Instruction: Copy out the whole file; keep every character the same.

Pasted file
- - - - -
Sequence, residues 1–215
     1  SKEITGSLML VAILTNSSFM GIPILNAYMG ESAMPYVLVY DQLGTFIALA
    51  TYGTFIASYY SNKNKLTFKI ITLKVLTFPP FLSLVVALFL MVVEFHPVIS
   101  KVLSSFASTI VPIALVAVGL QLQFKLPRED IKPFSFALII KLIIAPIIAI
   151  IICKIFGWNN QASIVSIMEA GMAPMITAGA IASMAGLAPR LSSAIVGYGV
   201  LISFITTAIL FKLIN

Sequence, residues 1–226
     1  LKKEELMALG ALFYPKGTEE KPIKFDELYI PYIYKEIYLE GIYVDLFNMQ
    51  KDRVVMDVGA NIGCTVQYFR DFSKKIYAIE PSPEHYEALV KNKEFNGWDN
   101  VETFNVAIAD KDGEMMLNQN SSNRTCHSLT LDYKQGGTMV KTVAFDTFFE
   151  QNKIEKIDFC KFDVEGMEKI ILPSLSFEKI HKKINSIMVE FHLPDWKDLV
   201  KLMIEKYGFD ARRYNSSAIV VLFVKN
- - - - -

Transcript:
Sequence, residues 1–215
     1  SKEITGSLML VAILTNSSFM GIPILNAYMG ESAMPYVLVY DQLGTFIALA
    51  TYGTFIASYY SNKNKLTFKI ITLKVLTFPP FLSLVVALFL MVVEFHPVIS
   101  KVLSSFASTI VPIALVAVGL QLQFKLPRED IKPFSFALII KLIIAPIIAI
   151  IICKIFGWNN QASIVSIMEA GMAPMITAGA IASMAGLAPR LSSAIVGYGV
   201  LISFITTAIL FKLIN

Sequence, residues 1–226
     1  LKKEELMALG ALFYPKGTEE KPIKFDELYI PYIYKEIYLE GIYVDLFNMQ
    51  KDRVVMDVGA NIGCTVQYFR DFSKKIYAIE PSPEHYEALV KNKEFNGWDN
   101  VETFNVAIAD KDGEMMLNQN SSNRTCHSLT LDYKQGGTMV KTVAFDTFFE
   151  QNKIEKIDFC KFDVEGMEKI ILPSLSFEKI HKKINSIMVE FHLPDWKDLV
   201  KLMIEKYGFD ARRYNSSAIV VLFVKN